Paul Dobryden headshot
PD

Paul A. Dobryden

Assistant Professor
Unit: College of Arts and Sciences
Department: Department of Germanic Languages and Literatures
Office location and address
New Cabell Room 243
1605 Jefferson Park Ave
Charlottesville, Virginia 22904
Education
Ph.D. in German Studies, University of California, Berkeley, 2014
B.A. in German and Comparative Literature, University of Michigan, 2004
INST 1550: Interdisciplinary Studies-Student Initiated Courses
Credits: 1–3
With sponsorship and supervision by a faculty member and approval of the Dean's Office, acting for the Committee on Educational Programs and the Curriculum, students may initiate a course in which they provide the instruction. The grade is determined by the faculty member. These courses count as "outside the College." Students in the College may offer no more than 3.0 credits for the B.A. or B.S. Consult the INST course web page at http://www.uvastudentcouncil.com/student-services/initiatives/cavalier-education-program/ (copy and paste Web address into browser) for specific descriptions.
GERM 3000: Advanced German
Credits: 3
This course builds on the first and second year German sequence and seeks to increase students' level of competence in both grammar and vocabulary. Students will produce more accurate and complex language and begin to discuss a diverse range of topics in German culture. Grammatical accuracy will be a central focus but also register, appropriacy, and fluency. Prerequisite: GERM 2020 or equivalent, or instructor permission
GERM 3010: Texts and Interpretations
Credits: 3
Employing a broad definition of text, this course allows students to develop a complex understanding of the relationship between meaning and linguistic form. Course readings may include poems, novels, films, historical documents, letters, memoirs etc. Specific grammatical topics will be addressed on the basis of the given material. This course is the prerequisite for all GERM 3000- level courses. Prerequisite: GERM 2020 or instructor permission.
MDST 3201: New German Cinema
Credits: 3
Examines German art cinema from the 1960s-1980s, focusing on modernist aesthetics and filmic responses to major historical events in post-war Germany. Films by Fassbinder, Herzog, Wenders, Kluge, Sander, von Trotta, and others.
GETR 3471: Weimar Cinema
Credits: 3
This course explores the film culture of the Weimar period (1918-1933). Rife with ambition, experimentation, and sometimes disastrous failure, Weimar cinema forces us to confront fundamental questions of how moving images work, what they can do, and how they relate to the sociopolitical conditions that produce them.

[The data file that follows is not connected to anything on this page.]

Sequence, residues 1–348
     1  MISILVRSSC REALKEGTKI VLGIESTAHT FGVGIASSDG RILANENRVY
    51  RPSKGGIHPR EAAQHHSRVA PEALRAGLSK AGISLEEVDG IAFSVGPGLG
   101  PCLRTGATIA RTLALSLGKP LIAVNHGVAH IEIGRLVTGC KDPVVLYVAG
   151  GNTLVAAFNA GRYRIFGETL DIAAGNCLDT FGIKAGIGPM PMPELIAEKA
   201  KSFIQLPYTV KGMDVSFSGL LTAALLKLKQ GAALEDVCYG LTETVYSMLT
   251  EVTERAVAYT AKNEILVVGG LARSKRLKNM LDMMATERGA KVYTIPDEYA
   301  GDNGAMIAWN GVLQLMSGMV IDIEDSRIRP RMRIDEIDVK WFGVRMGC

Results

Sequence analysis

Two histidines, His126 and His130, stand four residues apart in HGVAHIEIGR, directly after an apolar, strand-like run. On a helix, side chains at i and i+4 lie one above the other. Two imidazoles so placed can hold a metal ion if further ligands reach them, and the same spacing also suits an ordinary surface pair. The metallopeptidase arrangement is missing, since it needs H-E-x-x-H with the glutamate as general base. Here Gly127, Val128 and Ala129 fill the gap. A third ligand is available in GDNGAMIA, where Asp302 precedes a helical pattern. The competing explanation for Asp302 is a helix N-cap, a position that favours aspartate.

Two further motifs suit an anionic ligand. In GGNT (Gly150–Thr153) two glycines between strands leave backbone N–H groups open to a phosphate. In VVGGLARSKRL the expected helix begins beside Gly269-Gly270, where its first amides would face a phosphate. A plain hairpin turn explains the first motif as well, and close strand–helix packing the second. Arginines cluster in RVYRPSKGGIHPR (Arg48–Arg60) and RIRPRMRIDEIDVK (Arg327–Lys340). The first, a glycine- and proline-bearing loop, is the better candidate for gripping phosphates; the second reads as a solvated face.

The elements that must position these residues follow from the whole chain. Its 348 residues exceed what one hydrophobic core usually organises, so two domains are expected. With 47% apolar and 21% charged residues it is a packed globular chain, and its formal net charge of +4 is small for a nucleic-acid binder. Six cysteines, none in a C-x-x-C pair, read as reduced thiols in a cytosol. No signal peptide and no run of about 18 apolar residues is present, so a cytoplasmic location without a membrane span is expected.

GERM 3510: Topics in German Culture
Credits: 3
Studies selected aspects of German culture, such as opera. May be repeated for credit. Prerequisite: GERM 3010 or 3230.
GETR 3559: New Course in German in Translation
Credits: 1–4
This course provides the opportunity to offer a new topic in the subject area of German in translation. For more details on this class, please visit the department website at: http://www.virginia.edu/german/Undergraduate/Courses.
GETR 3562: New German Cinema
Credits: 3
Examines German art cinema from the 1960s-1980s, focusing on modernist aesthetics and filmic responses to major historical events in post-war Germany. Films by Fassbinder, Herzog, Wenders, Kluge, Sander, von Trotta, and others.
GETR 3566: Topics in film
Credits: 3
The course reflects on the often complicated ways in which representations of violence are related to gender codes. we will look especially at films that depict and document the topos of Lager/Camp: the Camp functions as metaphor, as fantasy, gendered space, laboratory, and heterotopia,. Critical look at films that imagine the camp both as a historical site or as a hiding place.
MDST 3584: Global Cinema
Credits: 3
This course entails study of films originating from and/or identified with non-US nations and cultures. Topics include: introduction to a nation's cinematic achievements (e.g., Korean cinema); in-depth study of one or more influential cinematic movements (e.g., French New Wave; Italian Neo-Realism); exploration of a particular historical period (e.g., German silent cinema). The course fulfills the non-US requirement for the Media Studies major.